The second location is in the view controller disappear event, where you should perform some cleaning by removing any message handlers and deallocating scriptHelper to avoid memory leaks.

  1. override func viewWillDisappear(_ animated: Bool)
  2. {
  3.   super.viewWillDisappear(animated)
  4.   guard let sh = scriptHelper else { return }
  5.   // Clear message handler from script helper
  6.   webView.configuration.userContentController.removeScriptMessageHandler(
  7.       forName: sh.webObserverName)
  8.   scriptHelper = nil
  9. }

That's all I need to do to set my gateway up. First, the gateway will handle a message requesting the app version from the JS side. Then it will call a JS function to pass the app version to JS.

HTML and JS Configuration

On the html and JS side, the first step is to make a request to Swift for the app version. This can be done by calling a JS function on html body element's onload attribute.

  1. <body onload="updateVersion()">
  2. ...
  3. <h2 class="center">Version
  4. <span id="appVersion">to be updated...</span></h2>
  5. ...
  6. </body>

The second step is to set up Javascript functions to make a request and to handle Swift calls.

  1. function updateVersion()
  2. {
  3.  try {
  4.    var msg = {}; // for empty parameter, it has to be {}
  5.    // "appVersion" is the request message name on Swift side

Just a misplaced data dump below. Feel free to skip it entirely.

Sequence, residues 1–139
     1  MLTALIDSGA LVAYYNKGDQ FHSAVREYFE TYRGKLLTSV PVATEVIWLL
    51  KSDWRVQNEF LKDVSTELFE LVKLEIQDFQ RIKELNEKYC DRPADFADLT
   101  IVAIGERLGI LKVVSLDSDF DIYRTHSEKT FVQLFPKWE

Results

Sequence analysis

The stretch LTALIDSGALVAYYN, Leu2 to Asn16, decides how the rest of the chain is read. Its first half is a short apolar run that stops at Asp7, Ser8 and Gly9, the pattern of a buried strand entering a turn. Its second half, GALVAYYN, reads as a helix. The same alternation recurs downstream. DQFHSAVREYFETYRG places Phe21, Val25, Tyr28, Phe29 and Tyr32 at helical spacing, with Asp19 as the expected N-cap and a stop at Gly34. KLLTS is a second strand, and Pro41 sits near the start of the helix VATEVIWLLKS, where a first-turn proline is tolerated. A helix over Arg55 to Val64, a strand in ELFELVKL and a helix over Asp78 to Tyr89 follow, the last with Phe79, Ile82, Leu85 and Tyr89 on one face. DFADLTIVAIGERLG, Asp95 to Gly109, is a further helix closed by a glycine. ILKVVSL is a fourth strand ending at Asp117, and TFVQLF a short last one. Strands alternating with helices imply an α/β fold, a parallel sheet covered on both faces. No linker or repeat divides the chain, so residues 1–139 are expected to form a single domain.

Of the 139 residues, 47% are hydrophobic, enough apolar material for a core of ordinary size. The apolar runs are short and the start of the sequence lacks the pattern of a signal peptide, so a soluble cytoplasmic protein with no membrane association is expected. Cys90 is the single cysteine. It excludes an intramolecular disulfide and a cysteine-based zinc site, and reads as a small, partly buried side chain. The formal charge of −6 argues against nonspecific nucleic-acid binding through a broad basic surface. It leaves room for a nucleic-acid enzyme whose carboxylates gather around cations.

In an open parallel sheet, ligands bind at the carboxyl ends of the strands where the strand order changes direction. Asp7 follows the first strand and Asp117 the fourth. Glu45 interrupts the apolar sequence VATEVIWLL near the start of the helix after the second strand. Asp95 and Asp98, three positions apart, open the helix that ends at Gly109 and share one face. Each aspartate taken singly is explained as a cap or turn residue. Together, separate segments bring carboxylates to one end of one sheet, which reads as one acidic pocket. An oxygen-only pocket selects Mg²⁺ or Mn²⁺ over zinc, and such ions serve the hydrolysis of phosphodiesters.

6.    window.webkit.messageHandlers.appVersion.postMessage(msg);
  7.  } catch(err) {}
  8. }
  9. // function to be called from Swift to pass app version
  10. // to JS.
  11. function swift2JSCallFor(appVersion) {
  12.  let e = document.getElementById("appVersion");
  13.  e.innerHTML = appVersion;
  14. }

The comment description in the Javascript explains everything. That's all. With the above configuration, Swift and JS can talk to each other and pass the required information as needed.

Here is a snapshot of my html view with the correct version updated. I am so happy that this update will be automatically done and I don't need to touch the html file in future updates.

I have a short summary at the conclusion of this blog. Swift-JS communication was new to me. I spent more than one week investigating and doing my tests. The above strategy is based on other resources (see references) and my effort. This is not the best and complete solution. I may miss something. Please leave comments and provide your better solutions. Critics are welcome.